You don’t cut someone out because they were rude to you after a rough day.
Look back on your last few interactions with the person. How did you feel in the aftermath?
If you constantly feel sad, depressed, or uncomfortable in someone’s presence and that feeling lingers, it’s a sign you should move on.
The people you allow into your life should energize, not drain you. And the relationships you build with them should not feel like a chore.
4) You can’t trust them
Every healthy relationship relies on trust. When that trust is gone, you begin to feel apprehensive around the person.
You no longer open up or share your thoughts, which puts a strain on your interactions.
This doesn’t even have to follow a big betrayal. A string of more minor disappointments can have the same effect:
- You learn that they talk about you behind your back
- They break their promises
- They frequently cancel plans with you for no good reason
- They try to manipulate or control you
- They pressure you to do things you’re not comfortable with
Whether it’s a partner, friend, or relative, losing trust in them creates emotional distance. It makes you become guarded, avoid sensitive topics, and fear being judged.
You can rebuild trust, but that takes time and effort from both of you.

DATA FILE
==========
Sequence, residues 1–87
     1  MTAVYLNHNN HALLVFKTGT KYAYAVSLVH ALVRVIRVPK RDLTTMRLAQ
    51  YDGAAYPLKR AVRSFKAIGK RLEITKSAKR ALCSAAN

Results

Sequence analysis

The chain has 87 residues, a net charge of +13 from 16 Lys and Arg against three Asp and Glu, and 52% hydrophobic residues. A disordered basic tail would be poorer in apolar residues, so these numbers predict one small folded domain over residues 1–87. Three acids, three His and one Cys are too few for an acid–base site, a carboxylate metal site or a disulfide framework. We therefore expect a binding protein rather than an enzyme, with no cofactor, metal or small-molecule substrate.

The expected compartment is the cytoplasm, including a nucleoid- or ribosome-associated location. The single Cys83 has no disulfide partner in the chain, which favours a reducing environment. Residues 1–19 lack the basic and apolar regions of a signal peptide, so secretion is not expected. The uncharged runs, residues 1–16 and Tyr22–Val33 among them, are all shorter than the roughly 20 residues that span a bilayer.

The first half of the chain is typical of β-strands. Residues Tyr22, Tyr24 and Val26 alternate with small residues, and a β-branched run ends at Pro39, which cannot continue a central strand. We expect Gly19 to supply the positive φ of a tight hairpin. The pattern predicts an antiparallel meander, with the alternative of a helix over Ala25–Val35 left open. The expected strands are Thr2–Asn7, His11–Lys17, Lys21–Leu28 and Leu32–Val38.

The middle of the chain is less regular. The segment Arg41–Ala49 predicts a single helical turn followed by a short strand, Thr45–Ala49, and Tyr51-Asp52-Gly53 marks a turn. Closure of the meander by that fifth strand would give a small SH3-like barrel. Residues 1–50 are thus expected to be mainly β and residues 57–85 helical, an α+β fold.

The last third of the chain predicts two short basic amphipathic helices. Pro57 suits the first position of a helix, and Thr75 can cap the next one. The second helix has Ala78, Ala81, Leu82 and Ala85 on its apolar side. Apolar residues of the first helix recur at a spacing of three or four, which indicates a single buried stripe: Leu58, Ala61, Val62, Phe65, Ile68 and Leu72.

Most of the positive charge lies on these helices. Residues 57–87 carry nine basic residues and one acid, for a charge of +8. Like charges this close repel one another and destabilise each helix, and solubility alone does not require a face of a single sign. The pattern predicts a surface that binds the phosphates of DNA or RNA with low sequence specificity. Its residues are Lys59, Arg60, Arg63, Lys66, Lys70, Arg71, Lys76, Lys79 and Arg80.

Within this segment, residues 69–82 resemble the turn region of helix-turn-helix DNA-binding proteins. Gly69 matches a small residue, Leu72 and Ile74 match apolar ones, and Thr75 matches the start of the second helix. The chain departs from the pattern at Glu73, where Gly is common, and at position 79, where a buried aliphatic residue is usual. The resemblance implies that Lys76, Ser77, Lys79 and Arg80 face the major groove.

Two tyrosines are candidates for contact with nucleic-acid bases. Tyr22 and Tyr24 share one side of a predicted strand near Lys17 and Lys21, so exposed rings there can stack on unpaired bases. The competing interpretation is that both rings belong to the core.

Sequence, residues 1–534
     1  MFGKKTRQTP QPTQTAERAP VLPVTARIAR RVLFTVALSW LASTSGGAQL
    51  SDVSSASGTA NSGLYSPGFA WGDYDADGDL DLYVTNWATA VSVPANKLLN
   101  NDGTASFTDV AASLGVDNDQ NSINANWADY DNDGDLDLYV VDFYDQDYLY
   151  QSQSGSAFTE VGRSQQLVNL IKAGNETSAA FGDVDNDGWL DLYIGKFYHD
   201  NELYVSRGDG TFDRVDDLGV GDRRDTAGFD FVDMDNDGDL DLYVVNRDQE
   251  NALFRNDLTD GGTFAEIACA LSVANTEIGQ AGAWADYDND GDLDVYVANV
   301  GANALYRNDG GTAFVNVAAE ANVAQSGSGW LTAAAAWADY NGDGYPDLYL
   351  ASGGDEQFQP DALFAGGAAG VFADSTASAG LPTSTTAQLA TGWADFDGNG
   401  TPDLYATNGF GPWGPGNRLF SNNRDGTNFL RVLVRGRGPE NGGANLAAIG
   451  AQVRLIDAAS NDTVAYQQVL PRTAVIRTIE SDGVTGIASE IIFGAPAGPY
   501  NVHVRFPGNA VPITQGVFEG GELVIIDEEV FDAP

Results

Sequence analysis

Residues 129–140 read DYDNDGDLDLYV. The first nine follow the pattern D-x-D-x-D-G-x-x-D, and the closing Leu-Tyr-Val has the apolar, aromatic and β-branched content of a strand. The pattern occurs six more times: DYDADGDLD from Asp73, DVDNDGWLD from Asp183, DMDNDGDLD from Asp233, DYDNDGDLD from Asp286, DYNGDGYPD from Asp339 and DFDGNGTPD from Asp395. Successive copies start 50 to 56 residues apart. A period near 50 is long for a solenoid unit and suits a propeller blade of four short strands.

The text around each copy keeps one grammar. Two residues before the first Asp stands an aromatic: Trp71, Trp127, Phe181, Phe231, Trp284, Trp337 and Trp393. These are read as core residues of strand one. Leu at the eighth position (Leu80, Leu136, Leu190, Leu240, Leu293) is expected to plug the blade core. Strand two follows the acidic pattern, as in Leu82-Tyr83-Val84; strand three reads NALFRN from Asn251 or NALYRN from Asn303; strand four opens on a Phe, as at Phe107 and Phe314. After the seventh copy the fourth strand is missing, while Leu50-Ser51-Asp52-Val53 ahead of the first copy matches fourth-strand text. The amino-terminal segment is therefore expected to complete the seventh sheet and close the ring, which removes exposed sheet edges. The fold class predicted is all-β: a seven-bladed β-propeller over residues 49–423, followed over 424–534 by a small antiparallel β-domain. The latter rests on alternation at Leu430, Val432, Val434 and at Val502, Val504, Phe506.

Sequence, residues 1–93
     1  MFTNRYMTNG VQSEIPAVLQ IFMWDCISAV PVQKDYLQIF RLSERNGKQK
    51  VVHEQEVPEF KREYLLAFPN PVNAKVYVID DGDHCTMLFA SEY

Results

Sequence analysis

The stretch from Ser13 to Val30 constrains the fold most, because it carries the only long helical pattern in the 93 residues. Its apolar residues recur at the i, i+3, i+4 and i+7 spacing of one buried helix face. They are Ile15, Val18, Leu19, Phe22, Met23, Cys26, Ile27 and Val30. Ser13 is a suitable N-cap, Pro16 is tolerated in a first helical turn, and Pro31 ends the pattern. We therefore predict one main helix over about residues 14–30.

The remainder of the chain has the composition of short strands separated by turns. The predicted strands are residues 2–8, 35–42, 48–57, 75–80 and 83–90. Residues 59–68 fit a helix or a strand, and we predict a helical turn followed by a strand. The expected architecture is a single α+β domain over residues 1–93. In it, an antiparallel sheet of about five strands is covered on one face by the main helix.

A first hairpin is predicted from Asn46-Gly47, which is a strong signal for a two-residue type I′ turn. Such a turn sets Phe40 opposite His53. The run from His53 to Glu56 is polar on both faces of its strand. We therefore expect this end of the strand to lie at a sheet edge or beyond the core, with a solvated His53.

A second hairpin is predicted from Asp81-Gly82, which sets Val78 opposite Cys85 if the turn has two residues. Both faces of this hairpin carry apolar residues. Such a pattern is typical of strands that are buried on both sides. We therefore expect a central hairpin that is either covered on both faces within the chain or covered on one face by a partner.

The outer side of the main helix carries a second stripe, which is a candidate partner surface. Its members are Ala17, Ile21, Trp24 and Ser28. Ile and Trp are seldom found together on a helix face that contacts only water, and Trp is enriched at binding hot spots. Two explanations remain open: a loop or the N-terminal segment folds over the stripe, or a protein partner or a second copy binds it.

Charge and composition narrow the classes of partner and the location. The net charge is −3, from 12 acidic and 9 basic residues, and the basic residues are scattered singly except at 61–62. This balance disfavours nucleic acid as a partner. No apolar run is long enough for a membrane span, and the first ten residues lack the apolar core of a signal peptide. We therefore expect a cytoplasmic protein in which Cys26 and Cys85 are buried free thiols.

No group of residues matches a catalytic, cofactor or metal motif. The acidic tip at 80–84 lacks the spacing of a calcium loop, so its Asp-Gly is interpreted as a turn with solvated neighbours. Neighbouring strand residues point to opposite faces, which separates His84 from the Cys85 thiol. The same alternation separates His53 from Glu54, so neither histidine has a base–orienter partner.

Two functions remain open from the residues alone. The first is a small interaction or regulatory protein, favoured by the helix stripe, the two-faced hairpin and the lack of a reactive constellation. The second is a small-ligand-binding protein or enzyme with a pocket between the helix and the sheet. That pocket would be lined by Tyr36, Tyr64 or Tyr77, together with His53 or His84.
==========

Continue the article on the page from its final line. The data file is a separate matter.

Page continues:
Is that something you’re willing to work on?
If the answer is no, moving on is your best choice.
5) They are never there for you
Relationships are a two-way street, and the person you’re considering cutting out seems to have forgotten that.
Even when they’re physically present, they’re somewhere else.
You can no longer depend on them to lend a listening ear when you go through a difficult time or to celebrate your accomplishments.
Not only does the person fail to support you when needed, but they put no effort into their relationship with you whatsoever.
You’re the one who always calls, makes plans, and tries to engage in meaningful conversations.
When you communicate your needs and expectations, they blow you off. They might insist that nothing has changed, but their actions say otherwise.
Being in a one-sided relationship of any kind is frustrating and emotionally exhausting.
You deserve loved ones who cherish, encourage, and support you.
Don’t you dare settle for anything less.
6) They don’t respect your boundaries
Finally, a big sign that you need to move on from someone important in your life is that they don’t respect your boundaries.
As a people pleaser, I find it difficult to set boundaries as it is. When someone repeatedly tests my limits, I have no qualms about leaving them in the past.
Perhaps you’ve already shared your concerns about the relationship and asked for space to figure things out.
But instead of respecting your wishes, the person continues to pressure you into interacting with them.
They may play the victim or guilt you into letting them back into your life.
Whatever the case, they are being disrespectful – and you’re better off severing ties for good.
Moving on from someone important in your life hurts, but letting go of toxic people does wonders for your mental well-being.
Have an honest talk with the person and calmly explain that the relationship is no longer working for you.
Then, see how being away from them makes you feel.
You can always let them back in as long as you both agree to leave the door open.